Hong Kong’s securities regulator stripped Mega Capital (Asia) Co (兆豐資本) of its corporate finance license for failing to highlight misleading information in the share sale prospectus of Hontex International Holdings Co (洪良國際控股).
Mega Capital, the sole sponsor in the 2009 listing of Hontex, was also fined a record HK$42 million (US$5.4 million), Hong Kong Securities and Futures Commission (SFC) said in a statement on Sunday.
Hontex, a Chinese fabrics manufacturer, was suspended from trading on Hong Kong’s stock exchange in March 2010 after the commission alleged the company disclosed materially false or misleading information in its prospectus. Mega Capital denies all allegations of wrongdoing, the regulator said.
The punishment comes as auditor disputes and delistings involving Chinese companies trading on foreign exchanges are fueling investor distrust, hurting valuations and damaging the market for new listings.
It is the first time the commission has stripped a license from a sponsor and the fine was the highest it had imposed against such a company, company spokesman Jonathan Li said.
“This highlights the fact that the SFC is paying attention, you just can’t get away with substandard work,” said Low Chee Keong (劉殖強), an associate professor at the Chinese University of Hong Kong.
“Sponsors are very important gatekeepers in maintaining the quality of our markets. If they fail, the implication is quite significant,” Low said.
Mega Capital will pay the fine and may sue “the advisory body or professionals who provided auditing views,” according to a filing to the Taiwan Stock Exchange by Mega Financial Holding Co (兆豐金控), the parent company. No auditors were identified in the statement.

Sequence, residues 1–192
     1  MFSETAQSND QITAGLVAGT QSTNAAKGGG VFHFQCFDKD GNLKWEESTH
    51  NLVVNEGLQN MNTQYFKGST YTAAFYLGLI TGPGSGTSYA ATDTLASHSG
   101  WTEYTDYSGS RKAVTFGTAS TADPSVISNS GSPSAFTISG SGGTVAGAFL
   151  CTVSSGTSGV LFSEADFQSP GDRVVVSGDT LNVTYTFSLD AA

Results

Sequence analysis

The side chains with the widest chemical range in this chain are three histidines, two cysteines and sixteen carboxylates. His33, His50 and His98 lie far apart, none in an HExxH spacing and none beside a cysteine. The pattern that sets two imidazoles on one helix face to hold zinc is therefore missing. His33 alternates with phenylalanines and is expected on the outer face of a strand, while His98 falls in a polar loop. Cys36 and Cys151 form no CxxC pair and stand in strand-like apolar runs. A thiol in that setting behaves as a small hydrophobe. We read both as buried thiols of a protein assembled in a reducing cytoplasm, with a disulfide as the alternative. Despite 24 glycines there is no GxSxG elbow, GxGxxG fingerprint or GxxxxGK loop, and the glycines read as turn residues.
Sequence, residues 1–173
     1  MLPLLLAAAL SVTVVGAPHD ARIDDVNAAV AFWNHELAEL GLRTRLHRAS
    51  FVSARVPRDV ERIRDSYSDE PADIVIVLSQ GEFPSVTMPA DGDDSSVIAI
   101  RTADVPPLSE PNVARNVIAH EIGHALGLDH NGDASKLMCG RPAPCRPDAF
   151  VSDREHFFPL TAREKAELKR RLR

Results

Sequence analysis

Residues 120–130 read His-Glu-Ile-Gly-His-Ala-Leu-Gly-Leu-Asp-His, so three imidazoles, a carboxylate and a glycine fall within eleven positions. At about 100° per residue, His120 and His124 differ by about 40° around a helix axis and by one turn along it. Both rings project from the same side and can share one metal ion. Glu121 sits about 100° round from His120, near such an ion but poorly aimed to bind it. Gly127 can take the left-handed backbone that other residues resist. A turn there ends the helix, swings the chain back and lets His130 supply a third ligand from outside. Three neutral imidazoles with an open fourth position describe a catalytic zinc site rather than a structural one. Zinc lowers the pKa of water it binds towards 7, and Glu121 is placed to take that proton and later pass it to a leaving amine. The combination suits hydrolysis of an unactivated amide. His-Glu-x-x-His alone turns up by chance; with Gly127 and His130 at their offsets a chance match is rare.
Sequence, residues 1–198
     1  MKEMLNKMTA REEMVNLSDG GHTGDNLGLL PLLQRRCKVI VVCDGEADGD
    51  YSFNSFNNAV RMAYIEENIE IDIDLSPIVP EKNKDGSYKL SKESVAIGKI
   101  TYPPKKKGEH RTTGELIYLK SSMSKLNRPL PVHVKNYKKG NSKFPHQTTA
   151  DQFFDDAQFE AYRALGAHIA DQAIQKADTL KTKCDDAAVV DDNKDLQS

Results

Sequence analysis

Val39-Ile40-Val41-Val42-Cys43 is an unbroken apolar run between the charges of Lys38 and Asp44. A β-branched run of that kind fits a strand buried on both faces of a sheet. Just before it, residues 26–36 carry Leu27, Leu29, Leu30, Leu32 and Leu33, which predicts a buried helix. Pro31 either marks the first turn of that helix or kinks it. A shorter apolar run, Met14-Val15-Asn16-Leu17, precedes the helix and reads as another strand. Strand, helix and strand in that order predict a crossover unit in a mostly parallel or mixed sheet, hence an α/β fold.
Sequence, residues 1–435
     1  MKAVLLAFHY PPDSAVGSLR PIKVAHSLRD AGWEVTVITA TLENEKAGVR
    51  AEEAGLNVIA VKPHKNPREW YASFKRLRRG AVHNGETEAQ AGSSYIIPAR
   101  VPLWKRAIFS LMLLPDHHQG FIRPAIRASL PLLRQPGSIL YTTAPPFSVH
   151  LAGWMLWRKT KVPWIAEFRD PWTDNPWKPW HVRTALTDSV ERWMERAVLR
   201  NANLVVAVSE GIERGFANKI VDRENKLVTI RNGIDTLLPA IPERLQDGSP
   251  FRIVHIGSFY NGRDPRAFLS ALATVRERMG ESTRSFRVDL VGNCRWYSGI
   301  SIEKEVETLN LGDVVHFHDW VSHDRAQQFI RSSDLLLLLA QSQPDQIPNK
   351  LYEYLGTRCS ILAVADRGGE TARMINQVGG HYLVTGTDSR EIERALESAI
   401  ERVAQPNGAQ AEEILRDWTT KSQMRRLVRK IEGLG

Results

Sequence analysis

KPMG was the auditor for Hontex’s initial public offering (IPO) in 2009, according to a prospectus for the share sale. The auditor resigned less than five months after the IPO, Hontex said in a filing on May 13, 2010. KPMG declined to comment on Mega Financial’s filing.
Deal sponsors help prepare documents for an IPO and conduct due diligence into the listing candidates to ensure compliance with the rules.
Mega Capital’s due diligence was “inadequate and sub-standard” in assessing the authenticity of Hontex’s business performance, the SFC said in the statement. Most of it was done by Mega Capital’s junior and inexperienced staff, while work on Hontex’s suppliers, customers and franchisees were sourced from Hontex, jeopardizing impartiality, the regulator said.
“Given the important role played by sponsors, these failures must be regarded most grimly,” SFC enforcement chief Mark Steward said. “The sanctions imposed on Mega Capital should make it clear that the SFC condemns such failure in the strongest terms.”
The commission said last week that new rules making bankers legally liable for prospectus information would be introduced for public consultation “in the coming weeks.”
Accounting scandals by Chinese companies listed overseas and quality of due diligence by IPO underwriters have dented investor confidence. Four Hong Kong-listed Chinese firms, including Boshiwa International Holding Ltd, a Shanghai-based Harry Potter apparel licensee, said their auditors resigned this year because of disputes over financial data or other key information.
That’s four times the number in the same period last year and in the first quarter of 2010. Two other companies reported that their auditors needed more time to verify earnings.